Are skills shortages stopping your business from reaching its full potential?
This is the question being asked at sector skills meet-ups in the Northeast. In a post-COVID world, questions around SMEs in the process sector of the Tees Valley are emerging – how do they tackle their skills gaps and labour market challenges to prepare themselves for the future? As the Process Industry expands, it is facing skill shortages. The sector is entering into a phase of developing renewable and innovative new products, thus the skills we need are rapidly evolving. Across the board skills gaps have started to narrow, but we are starting to see rapid improvements in areas such as Biological and Chemical Science. Core skills such as scientific knowledge, communication and problem-solving have also improved. However, academic education tends to be separated into individual faculties, which creates graduates with skills that are often poorly aligned with industry needs. To be industry-ready, candidates need to have a range of interdisciplinary skills which allow them to work across remits and in different teams. Such skills gaps often leave graduates struggling to keep up with the rapidly changing technologies and innovations of their working environment.
If the Process sector is to deliver its growth ambitions, the education and skills element of the sector needs the capacity and capability to provide an ongoing flow of talent and support the upskilling and reskilling of the workforce at the right scale, in the right locations and at the right time. Time is the main barrier to upskilling and reskilling in many SMEs and large organisations. In order to bridge the skills gap, employers are using time and resources to train their workforce, often in different ways for different projects. New, innovative ways of training and development are therefore required to upskill the workforce without the organisation losing productivity. As well as attracting new talent, organisations must also work to retain the key staff who already have the appropriate skills and experience. COVID-19 has not only changed the game for the UK’s process sector but how employees view their workplace, and their outlook on the priority of mental health. They are now looking to get more out of their career and work in a place that aligns with their values. Employees are re-evaluating their work environment, and now more than ever are looking for companies that offer well-being programmes, flexible working, and regular social events. A working environment that supports employee well-being and promotes a healthy work-life balance, is one that retains its employees.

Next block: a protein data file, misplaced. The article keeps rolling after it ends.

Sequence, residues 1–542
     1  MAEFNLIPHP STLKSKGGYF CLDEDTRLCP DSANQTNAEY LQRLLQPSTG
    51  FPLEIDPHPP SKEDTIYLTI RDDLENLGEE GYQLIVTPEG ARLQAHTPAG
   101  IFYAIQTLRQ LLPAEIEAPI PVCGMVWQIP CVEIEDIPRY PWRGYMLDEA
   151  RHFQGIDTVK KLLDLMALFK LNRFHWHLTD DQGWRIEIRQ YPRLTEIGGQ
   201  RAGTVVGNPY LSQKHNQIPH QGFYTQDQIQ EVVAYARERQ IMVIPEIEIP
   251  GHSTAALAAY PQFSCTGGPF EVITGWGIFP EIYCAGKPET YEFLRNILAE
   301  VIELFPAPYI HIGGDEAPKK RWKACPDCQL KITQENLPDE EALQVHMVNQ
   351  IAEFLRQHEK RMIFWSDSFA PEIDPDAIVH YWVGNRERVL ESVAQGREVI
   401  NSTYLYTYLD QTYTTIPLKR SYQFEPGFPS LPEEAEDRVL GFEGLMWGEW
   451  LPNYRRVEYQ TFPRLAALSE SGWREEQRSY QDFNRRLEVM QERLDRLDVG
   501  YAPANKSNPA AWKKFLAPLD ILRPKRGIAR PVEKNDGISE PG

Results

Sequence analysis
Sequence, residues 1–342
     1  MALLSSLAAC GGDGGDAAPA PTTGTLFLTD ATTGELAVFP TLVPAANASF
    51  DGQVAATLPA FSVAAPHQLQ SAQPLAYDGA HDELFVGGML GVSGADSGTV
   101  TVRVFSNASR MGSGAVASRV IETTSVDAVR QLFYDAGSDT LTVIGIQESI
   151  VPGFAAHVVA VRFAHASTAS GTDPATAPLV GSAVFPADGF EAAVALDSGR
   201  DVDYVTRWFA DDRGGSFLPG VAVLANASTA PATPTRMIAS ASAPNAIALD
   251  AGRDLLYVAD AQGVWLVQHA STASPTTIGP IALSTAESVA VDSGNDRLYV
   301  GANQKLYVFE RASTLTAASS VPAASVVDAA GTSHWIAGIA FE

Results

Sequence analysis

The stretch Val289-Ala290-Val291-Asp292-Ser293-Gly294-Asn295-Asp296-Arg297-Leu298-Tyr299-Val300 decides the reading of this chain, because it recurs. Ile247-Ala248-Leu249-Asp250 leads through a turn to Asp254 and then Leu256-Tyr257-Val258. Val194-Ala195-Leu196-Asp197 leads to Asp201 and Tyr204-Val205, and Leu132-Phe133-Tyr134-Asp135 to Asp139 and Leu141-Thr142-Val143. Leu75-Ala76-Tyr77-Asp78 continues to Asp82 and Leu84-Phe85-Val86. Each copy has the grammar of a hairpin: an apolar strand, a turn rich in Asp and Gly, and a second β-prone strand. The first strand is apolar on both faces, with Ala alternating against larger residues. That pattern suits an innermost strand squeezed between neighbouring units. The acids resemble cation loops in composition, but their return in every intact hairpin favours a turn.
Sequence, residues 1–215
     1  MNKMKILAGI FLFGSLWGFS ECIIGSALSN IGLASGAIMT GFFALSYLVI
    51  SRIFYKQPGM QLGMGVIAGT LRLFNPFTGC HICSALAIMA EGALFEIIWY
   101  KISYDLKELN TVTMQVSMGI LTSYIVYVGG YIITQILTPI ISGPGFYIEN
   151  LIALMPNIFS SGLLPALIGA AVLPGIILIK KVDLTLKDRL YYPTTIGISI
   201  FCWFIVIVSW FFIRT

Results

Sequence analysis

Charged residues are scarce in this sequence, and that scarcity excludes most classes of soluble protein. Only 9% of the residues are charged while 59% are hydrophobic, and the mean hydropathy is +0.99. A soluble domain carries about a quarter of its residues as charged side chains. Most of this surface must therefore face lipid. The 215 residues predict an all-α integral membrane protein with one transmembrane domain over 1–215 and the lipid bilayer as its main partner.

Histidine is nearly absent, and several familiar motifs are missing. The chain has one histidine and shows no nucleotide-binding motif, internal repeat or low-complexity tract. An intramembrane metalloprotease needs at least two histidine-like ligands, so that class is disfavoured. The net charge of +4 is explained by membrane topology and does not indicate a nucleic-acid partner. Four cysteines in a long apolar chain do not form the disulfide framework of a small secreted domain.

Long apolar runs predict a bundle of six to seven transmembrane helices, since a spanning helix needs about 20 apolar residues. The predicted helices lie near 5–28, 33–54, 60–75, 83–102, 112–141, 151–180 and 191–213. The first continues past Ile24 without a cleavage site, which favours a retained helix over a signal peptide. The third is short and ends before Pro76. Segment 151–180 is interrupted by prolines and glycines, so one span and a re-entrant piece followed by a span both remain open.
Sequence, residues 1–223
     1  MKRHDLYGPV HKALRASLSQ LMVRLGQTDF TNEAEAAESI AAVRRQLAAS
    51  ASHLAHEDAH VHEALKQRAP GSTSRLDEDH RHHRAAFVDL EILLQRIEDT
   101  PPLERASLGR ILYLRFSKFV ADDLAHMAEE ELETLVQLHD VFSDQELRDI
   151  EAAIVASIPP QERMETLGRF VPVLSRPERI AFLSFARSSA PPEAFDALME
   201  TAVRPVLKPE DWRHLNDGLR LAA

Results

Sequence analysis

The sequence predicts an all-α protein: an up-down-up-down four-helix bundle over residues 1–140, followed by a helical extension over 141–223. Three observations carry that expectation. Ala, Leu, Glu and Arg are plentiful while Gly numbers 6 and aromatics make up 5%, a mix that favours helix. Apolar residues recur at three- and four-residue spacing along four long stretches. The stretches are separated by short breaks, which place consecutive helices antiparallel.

A clear development plan that nurtures employees’ knowledge and growth is one that improves retention. Allowing key staff to visualize themselves in the business across the long term is critical to ambitious growth plans for both the employee and the business. All of this means that the Process sector will be very different in the near future. As a sector, we need to prepare for such change and meet these new demands by developing new pipelines as an industry priority, to unlock value through skills and meet the significant recruitment demand we face. We already have a strong skills infrastructure across Higher Education and Further Education, which embraces technical and vocational skills development. But the existing arrangements will not entirely meet the skills challenges we face. We also need to take a more diverse approach to our apprenticeships and graduate intake, to ensure young people have a say in the way we operate. We need a new approach to lifelong learning and an ever-stronger and closer partnership with our schools, universities and training providers.
Get in touch if you’d like to discuss any issues your organisation is currently facing with the skills gap to see if there’s any way that Jackson Hogg can support you.
By Jackson Hogg